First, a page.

Third Annual Appalachian Research Day Shares Results of Health Studies

As reported in UKNow, the research event, held May 24 in Hazard, Ky., was hosted by the UK Center of Excellence in Rural Health as an opportunity for researchers and community members to share research findings with the local communities and facilitate dialogue about how to improve health and quality of life in Appalachia.

KARRN founding member Anne Harrison presented “Living with traumatic brain injury in a rural setting: supports and barriers across the continuum of care,” which she co-authored with Beth Hunter, Heather Thomas, Paige Bordy, Erin Stokes and Patrick Kitzman. Traumatic brain injury (TBI) is prevalent in Kentucky and comes with a high cost in care and quality of life for individuals and caregivers affected. Research among people living with TBI in rural areas is limited.

The purpose of this study was to:

Explore the lived experience of people with TBI and caregivers in rural regions of Kentucky across the continuum of care

Understand supports and barriers they face related to optimal function and well-being.

CONCLUSION/RECOMMENDATIONS:

  • Unmet needs were most pervasive for people with TBI when returning to their underserved communities.
  • Inpatient care was adept in meeting medical and rehab needs, but communication across locations was lacking.
  • Unmet needs for caregivers existed across the continuum.
  • We propose trained community health navigators ally with patients and caregivers early in the process of TBI, and provide the linkages and education necessary to reduce barriers and facilitate transitions across the continuum of care.

 

KARRN member Jarod Giger presented “Child Wellbeing in Eastern Kentucky: A Kid’s Perspective” at ARD. For those of us not able to attend, he has provided a summary of his study.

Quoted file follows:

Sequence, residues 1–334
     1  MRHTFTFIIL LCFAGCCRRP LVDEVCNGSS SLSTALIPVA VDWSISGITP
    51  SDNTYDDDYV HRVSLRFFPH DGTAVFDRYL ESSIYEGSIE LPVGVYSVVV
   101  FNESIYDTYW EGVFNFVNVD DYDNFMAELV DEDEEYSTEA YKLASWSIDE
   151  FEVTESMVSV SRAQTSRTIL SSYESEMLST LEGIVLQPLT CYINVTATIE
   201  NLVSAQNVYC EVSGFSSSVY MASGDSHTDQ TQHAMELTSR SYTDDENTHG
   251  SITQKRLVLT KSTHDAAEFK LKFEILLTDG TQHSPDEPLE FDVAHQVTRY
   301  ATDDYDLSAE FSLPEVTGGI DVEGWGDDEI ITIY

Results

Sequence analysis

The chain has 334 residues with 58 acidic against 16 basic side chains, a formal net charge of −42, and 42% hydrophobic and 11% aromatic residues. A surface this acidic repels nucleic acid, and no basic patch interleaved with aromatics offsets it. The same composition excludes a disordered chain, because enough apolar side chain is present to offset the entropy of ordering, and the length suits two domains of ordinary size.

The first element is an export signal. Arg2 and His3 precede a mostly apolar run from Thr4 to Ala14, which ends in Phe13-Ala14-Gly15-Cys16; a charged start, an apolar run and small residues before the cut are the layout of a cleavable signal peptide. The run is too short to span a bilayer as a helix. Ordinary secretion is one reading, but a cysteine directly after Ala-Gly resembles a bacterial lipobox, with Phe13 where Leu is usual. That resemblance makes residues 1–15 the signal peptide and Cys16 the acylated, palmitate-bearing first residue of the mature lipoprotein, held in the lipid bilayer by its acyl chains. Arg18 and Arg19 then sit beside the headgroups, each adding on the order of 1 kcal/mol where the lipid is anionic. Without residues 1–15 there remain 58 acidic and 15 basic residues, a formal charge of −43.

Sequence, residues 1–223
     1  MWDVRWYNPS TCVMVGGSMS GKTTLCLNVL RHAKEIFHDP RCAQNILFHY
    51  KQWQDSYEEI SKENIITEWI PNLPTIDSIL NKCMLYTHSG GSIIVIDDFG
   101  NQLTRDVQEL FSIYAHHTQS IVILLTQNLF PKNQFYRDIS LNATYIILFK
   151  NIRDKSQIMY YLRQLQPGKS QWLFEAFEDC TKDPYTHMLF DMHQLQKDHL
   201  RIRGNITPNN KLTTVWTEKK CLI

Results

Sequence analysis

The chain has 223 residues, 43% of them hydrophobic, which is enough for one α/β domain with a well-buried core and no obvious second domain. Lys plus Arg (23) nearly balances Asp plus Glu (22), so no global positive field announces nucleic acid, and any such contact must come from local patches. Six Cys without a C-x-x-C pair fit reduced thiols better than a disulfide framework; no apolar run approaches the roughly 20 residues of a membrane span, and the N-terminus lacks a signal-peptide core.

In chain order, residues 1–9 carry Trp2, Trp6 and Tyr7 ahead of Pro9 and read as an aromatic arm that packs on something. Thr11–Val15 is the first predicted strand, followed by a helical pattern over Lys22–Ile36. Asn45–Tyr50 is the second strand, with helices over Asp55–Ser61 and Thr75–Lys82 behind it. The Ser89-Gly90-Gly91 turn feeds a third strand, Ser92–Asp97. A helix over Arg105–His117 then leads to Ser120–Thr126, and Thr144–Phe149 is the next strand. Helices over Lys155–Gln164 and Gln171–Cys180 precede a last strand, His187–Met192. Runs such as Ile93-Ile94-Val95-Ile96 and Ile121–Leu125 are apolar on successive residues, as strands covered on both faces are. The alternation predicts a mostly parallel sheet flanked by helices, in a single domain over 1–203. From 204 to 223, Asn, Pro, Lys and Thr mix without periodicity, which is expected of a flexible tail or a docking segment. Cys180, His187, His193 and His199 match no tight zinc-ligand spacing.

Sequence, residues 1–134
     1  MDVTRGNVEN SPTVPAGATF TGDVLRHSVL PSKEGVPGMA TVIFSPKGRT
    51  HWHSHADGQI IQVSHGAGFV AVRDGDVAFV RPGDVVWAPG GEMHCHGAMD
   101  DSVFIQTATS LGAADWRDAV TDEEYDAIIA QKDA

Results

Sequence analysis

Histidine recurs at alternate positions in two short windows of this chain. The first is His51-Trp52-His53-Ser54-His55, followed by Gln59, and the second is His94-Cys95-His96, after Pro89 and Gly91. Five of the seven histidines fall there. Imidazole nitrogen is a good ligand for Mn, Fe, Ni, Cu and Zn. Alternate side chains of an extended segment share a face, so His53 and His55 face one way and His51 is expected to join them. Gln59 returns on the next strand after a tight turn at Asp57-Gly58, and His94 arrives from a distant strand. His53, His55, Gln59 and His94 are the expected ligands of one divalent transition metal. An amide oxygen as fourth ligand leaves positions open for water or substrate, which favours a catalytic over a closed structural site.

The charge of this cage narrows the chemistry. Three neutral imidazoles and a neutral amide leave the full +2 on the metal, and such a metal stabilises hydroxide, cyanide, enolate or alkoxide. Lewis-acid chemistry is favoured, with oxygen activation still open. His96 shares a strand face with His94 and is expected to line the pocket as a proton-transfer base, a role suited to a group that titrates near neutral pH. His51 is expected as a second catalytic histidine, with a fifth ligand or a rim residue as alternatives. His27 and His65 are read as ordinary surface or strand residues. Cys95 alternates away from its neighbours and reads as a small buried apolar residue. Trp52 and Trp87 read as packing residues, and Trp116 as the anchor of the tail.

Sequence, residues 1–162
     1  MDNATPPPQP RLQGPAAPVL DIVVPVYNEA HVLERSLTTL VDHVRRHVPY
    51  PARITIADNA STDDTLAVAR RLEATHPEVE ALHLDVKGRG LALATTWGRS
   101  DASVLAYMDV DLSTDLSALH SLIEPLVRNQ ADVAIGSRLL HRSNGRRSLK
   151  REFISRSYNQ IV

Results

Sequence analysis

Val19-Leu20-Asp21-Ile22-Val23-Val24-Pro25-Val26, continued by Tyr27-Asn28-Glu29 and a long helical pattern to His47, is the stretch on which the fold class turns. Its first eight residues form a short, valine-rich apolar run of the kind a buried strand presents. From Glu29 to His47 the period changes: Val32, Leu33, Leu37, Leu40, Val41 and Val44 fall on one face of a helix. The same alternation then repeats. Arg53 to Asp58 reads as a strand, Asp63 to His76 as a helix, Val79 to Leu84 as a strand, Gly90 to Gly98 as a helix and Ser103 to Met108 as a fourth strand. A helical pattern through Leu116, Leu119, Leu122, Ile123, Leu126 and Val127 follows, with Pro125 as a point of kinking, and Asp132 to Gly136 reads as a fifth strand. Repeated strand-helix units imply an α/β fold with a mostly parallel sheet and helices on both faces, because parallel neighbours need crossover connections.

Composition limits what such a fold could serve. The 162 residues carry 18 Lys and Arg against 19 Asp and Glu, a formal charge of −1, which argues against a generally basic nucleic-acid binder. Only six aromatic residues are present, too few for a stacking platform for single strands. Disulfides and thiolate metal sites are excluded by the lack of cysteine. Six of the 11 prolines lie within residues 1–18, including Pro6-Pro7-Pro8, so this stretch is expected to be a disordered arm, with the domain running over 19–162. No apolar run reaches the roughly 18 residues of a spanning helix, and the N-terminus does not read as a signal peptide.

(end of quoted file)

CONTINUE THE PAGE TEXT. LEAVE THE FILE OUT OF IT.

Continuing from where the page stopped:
The purpose of this study was to: test the feasibility of a community-engaged, school-based children’s subjective well-being survey to measure descriptive indicators of well-being in 3 Eastern Kentucky counties

PARTICIPANTS:

  • Knott, Letcher and Perry school districts
  • 441 students ranging in age from 8-14 (average age was 11)
    • grades 3rd, 5th and 7th
  • 51% girls (n= 224) and 49% boys (n= 217)

CONCLUSIONS:

  • School-based, community-engaged research method of assessing KY children’s subjective wellbeing (KYCSWeB) shows considerable promise
  • Data indicate relatively high levels of well-being but more comprehensive analyses are required
  • 7th graders reported relatively high levels of eHealth literacy indicating school-based behavioral interventions technologies aimed at fortifying and enhancing well-being are worthy of consideration
  • Psychological well-being, a potentially modifiable concept, may serve as a protective strategy for children in Appalachian

WHY INVESTIGATE CHILDREN’S SUBJECTIVE WELL-BEING:

  • Children’s perceptions of their own lives can create awareness among children, their parents and their communities, but also among opinion leaders, decision makers, professionals and the public
  • Awareness can lead to action at the child, family, community, county, state and federal level

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